From Sunday’s Columbus Dispatch:
If history is a guide, the [Republican] party will gerrymander districts to give it the highest possibility of retaining their legislative majorities for the rest of this decade.
The Dispatch has learned that Democrats, backed by an unidentified $3 million commitment of support, had planned to place a constitutional amendment on the ballot in November aimed at depoliticizing the line-drawing process. But that plan has been shelved because of concern that a redistricting amendment “would dilute the effort to overturn Senate Bill 5,” according to a Democratic source who asked not to be named.
In other words, Ohio Republicans have used Senate Bill 5 for three purposes (and similar bills are being used across the country):
1) To lower state labor expenses (without attacking public unions, according to the GOP!)
2) To reduce public unions’ finances to limit their ability to help state Democrats.
3) To weaken the Democrats directly by attacking at two points at once. Should the party protect a powerful wing (the unions), or protect their future viability through depoliticizing the redistricting process? It may be too difficult for the Democrats to succeed at both.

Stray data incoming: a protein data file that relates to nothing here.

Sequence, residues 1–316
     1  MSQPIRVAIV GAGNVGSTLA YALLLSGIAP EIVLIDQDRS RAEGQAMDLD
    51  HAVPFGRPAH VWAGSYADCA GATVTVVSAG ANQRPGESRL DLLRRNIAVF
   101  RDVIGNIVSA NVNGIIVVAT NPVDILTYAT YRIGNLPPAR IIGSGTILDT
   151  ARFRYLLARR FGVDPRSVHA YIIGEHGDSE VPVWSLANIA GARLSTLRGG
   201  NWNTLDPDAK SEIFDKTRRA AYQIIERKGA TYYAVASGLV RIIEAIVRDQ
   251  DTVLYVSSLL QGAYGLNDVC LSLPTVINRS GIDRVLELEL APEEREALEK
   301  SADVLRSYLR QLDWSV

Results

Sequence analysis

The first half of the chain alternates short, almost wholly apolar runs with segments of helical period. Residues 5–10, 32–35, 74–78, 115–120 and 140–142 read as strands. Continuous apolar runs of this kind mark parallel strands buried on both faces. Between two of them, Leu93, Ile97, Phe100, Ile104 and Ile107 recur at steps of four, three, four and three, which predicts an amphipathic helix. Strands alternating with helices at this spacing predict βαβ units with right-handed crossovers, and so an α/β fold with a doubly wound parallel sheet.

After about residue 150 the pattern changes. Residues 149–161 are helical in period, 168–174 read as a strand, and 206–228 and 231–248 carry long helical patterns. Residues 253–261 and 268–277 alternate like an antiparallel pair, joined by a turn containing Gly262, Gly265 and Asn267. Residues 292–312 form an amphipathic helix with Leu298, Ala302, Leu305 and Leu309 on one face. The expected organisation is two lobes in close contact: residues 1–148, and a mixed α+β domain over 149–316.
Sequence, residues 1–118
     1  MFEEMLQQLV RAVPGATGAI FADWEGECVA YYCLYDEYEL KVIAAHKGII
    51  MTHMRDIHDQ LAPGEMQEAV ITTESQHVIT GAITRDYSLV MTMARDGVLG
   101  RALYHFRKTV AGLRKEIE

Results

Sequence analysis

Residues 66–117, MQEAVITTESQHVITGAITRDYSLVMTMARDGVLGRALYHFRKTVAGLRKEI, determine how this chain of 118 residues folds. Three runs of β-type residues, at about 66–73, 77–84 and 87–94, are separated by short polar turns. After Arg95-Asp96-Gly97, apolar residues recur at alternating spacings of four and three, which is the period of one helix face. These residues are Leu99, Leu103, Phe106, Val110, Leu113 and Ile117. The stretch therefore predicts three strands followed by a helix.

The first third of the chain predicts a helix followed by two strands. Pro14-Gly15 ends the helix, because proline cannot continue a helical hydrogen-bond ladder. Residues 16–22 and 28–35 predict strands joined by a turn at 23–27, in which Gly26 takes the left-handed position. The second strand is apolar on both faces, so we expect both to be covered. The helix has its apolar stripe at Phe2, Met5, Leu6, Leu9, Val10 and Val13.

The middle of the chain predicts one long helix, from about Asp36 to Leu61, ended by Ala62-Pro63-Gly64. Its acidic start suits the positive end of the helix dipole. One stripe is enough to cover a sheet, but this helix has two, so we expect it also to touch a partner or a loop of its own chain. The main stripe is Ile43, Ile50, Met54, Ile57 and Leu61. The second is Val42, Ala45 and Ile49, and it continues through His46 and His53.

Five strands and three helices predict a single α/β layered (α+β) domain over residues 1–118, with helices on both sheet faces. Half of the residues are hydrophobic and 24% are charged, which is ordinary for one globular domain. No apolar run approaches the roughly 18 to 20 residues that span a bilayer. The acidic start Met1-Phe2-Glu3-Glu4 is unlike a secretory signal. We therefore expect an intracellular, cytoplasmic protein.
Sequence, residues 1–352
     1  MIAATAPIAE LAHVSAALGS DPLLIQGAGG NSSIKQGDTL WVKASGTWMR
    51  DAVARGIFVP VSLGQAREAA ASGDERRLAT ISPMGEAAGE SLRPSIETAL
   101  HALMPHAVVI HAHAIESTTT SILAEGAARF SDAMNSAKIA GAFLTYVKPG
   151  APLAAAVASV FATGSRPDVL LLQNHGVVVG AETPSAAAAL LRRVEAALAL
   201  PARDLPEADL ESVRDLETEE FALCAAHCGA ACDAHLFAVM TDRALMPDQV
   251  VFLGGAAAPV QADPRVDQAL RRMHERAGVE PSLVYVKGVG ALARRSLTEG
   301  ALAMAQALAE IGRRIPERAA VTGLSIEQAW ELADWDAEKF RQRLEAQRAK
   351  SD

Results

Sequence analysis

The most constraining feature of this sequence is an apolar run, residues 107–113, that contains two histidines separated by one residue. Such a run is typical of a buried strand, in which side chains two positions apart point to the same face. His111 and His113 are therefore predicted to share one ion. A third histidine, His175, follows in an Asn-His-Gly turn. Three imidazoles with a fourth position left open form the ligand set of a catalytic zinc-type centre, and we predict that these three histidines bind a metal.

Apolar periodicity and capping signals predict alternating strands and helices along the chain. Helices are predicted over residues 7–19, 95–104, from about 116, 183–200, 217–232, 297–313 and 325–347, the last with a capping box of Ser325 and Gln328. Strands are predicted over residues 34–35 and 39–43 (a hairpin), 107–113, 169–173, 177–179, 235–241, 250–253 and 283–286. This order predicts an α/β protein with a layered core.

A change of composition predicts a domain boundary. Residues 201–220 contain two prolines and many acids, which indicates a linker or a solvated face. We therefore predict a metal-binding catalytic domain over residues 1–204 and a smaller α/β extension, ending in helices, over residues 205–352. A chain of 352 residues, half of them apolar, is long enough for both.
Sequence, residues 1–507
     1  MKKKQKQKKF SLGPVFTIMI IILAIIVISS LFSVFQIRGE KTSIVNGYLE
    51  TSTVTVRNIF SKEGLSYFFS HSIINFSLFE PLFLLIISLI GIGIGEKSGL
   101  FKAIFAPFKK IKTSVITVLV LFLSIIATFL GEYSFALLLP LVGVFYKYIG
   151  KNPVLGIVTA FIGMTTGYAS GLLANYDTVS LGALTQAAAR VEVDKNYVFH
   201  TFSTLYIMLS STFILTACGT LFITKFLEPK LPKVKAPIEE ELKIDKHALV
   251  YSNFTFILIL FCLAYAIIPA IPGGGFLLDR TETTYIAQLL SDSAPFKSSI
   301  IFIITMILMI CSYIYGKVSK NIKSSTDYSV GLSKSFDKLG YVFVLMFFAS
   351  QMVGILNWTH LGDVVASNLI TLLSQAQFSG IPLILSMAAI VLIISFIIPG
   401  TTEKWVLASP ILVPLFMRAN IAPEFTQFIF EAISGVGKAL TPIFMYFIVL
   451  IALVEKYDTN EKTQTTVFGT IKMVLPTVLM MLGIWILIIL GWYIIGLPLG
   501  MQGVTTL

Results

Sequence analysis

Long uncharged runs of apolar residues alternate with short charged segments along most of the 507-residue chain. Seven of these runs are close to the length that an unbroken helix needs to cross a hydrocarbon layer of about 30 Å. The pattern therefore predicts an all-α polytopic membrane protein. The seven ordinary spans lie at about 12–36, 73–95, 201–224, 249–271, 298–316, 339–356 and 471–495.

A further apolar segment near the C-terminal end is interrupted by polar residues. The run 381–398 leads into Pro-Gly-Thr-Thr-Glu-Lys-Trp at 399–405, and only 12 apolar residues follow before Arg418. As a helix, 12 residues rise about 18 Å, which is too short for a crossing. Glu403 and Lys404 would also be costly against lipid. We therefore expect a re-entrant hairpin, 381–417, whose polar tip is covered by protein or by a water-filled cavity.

To save their own jobs, some legislators have even hired lobbyists to influence the redistricting process, as detailed in this New York Times story.
In addition to state districts being decided this year, there is also apportionment, which means that different district lines will be drawn for the purpose of selecting state house and state senate representatives. The state legislatures are in charge of this process as well, and in Ohio, the Apportionment Board is composed of the governor, the state auditor, the Ohio secretary of state, one Republican Assembly member, and one Democratic Assembly member. Again, Democrats are outnumbered 4-1, and will have little pull in a very political process. Lines will likely be drawn to maximize the number of Republican-safe districts and minimize the Democrat-safe districts.
Hope For Fairness in Redistricting